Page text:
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Tet: The New Year

Tet: The New Year

by Kin-Lan Tran, Mai Vo-Dinh (Illustrator)

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Editorial Reviews

Publishers Weekly - Publisher's Weekly
Originally published for the Multicultural Celebrations program at the Children's Museum in Boston, these books merge lessons in cultural self-awareness with introductions of four ethnic holidays. (With the exception of Kwanzaa--which was created by African Americans and incorporates elements of a Swahili harvest festival--the celebrations in these stories are American re-creations of native holidays by families newly settled in the United States.) This resourceful device encourages the intended discussion on cultural diversity, especially because the protagonist in each is troubled by the appropriateness and/or validity of celebrating in a foreign country. Though the information-laden text must occasionally sacrifice style for so much substance--despite the authors' efforts to entertain as well as teach--this is a minor quibble. What distinguishes this series (in addition to its thoughtful concept) are the energetic, evocative illustrations--their distinctive styles consistent with each narrative and representative of the culture being portrayed. From the candlelit warmth of Kwanzaa and the quiet thankfulness of the Vietnamese New Year to the brightly colored, boisterous activity of the Latin American and Caribbean celebrations of Fiesta and Carnival, these holidays are sure, through these books, to win new and avid young practitioners. Glossaries and inset photos of the holidays as celebrated in their countries of origin add to the books' appeal. Ages 7-10. (Jan.)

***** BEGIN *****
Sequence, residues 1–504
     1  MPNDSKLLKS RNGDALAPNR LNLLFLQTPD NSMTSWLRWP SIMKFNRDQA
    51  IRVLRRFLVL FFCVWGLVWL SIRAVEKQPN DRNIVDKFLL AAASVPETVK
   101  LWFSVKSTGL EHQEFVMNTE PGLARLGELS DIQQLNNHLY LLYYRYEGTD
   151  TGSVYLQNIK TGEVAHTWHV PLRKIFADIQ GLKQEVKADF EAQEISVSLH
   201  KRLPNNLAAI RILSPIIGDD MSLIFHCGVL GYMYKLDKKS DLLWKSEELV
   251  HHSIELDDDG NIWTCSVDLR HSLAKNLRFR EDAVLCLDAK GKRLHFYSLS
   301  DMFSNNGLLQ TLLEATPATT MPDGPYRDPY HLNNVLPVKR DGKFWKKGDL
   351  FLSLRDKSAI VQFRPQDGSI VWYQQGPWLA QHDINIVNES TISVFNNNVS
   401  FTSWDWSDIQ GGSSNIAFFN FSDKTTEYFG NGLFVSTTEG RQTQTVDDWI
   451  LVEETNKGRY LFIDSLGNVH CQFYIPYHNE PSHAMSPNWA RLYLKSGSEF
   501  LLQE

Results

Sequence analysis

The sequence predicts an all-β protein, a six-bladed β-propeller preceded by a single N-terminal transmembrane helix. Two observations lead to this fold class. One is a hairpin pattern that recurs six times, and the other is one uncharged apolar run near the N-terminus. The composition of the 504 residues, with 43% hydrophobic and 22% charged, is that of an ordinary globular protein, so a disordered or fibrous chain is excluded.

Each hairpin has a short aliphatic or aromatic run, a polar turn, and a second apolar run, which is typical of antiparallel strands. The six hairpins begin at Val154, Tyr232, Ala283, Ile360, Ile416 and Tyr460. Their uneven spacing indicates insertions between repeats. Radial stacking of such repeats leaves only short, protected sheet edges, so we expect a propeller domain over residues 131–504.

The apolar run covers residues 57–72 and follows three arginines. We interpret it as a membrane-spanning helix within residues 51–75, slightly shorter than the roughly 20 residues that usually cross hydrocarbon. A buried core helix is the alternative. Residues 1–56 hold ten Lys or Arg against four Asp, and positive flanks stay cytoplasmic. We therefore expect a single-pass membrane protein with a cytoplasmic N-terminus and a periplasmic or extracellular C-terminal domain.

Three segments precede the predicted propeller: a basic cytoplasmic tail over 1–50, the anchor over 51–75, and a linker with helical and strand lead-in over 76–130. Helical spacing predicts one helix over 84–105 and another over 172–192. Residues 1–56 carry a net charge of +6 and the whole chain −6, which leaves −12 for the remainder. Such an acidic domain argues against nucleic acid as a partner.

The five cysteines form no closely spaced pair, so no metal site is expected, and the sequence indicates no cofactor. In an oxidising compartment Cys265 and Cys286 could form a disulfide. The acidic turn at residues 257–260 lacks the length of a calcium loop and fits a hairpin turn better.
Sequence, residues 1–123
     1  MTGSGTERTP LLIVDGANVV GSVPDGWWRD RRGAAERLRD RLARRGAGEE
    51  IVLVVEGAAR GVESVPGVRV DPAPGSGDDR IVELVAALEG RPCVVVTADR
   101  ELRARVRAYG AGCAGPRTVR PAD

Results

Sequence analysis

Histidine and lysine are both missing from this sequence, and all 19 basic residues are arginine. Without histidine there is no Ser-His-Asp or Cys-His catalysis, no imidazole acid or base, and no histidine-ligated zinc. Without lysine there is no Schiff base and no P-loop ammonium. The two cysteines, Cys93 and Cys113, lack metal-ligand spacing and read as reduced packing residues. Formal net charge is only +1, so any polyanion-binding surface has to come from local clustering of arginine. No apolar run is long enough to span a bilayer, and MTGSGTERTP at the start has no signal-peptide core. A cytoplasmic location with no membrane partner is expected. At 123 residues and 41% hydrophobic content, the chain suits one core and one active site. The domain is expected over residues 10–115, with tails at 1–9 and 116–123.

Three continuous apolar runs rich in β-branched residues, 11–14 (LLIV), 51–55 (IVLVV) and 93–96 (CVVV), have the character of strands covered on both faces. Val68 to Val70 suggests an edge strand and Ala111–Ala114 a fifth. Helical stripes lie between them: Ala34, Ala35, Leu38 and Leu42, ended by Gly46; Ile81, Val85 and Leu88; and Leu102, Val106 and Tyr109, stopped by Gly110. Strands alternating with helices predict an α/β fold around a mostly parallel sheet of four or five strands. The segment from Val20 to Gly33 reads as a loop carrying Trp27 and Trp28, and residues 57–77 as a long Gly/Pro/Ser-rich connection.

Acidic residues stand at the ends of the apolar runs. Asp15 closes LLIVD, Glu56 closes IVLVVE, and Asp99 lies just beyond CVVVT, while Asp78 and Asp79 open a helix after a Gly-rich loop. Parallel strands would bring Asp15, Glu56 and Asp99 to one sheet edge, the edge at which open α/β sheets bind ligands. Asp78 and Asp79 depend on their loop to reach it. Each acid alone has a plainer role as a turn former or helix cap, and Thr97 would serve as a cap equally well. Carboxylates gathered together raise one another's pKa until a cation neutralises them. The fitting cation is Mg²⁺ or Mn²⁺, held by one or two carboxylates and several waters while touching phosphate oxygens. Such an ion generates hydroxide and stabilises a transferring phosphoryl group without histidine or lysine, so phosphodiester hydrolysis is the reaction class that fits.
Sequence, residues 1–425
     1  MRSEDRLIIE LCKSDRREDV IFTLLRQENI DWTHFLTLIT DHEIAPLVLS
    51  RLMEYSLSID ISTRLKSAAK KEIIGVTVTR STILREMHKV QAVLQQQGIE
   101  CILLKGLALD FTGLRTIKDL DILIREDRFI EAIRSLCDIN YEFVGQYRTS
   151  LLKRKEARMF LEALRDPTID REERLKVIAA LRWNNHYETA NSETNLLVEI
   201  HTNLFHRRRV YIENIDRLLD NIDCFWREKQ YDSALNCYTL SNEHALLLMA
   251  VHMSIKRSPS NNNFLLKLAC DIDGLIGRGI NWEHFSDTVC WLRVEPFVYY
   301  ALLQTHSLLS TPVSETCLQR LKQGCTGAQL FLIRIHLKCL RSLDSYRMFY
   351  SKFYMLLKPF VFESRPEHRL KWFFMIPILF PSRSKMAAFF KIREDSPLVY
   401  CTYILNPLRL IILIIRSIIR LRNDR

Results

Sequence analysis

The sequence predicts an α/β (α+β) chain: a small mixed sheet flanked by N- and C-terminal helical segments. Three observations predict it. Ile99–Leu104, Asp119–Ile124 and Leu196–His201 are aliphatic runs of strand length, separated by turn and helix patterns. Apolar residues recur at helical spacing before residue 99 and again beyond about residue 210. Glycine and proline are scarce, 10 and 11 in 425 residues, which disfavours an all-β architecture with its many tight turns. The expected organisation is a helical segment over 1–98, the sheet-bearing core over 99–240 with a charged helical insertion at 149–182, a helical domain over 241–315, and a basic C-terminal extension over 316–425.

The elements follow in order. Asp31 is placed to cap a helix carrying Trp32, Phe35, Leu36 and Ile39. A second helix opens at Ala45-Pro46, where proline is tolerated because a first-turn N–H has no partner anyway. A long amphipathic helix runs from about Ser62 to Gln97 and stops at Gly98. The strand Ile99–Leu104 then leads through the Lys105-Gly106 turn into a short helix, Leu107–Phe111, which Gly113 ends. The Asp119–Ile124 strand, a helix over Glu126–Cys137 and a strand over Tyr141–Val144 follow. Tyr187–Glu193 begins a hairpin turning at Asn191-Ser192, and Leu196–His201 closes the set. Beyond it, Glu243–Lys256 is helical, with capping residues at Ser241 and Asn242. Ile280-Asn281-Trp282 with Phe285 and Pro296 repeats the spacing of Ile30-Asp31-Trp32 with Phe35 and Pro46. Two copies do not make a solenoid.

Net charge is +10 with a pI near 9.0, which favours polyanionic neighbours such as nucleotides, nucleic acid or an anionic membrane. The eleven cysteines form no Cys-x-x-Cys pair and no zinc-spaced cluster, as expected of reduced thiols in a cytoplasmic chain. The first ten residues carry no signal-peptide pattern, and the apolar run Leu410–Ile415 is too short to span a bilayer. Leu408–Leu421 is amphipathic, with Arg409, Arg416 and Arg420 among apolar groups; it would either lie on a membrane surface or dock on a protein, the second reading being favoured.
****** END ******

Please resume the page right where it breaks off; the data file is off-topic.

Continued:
School Library Journal - School Library Journal
Gr 2-4-- A slight story is the framework for a very cursory description of this Vietnamese celebration. When Ms. Kim realizes that her students in English language class don't remember what Tet was like in their homeland, she invites them to her apartment to celebrate the New Year. The typical foods purchased are listed, but their preparation is not discussed. Both the placement and the significance of objects on the family altar are described. Nowhere, however, is there mention of exactly when Tet is celebrated. For this and other details consult Diane Hoyt-Goldsmith's Hoang Anh (Holiday, 1992). Full-page, impressionistic, bright watercolor illustrations are attractive but sometimes obscure objects mentioned in the text. Several captioned color photos are included; their small size limits their usefulness. --Diane S. Marton, Arlington County Library, VA

Product Details

Simon & Schuster/Paula Wiseman Books
Publication date:
Age Range:
7 - 10 Years

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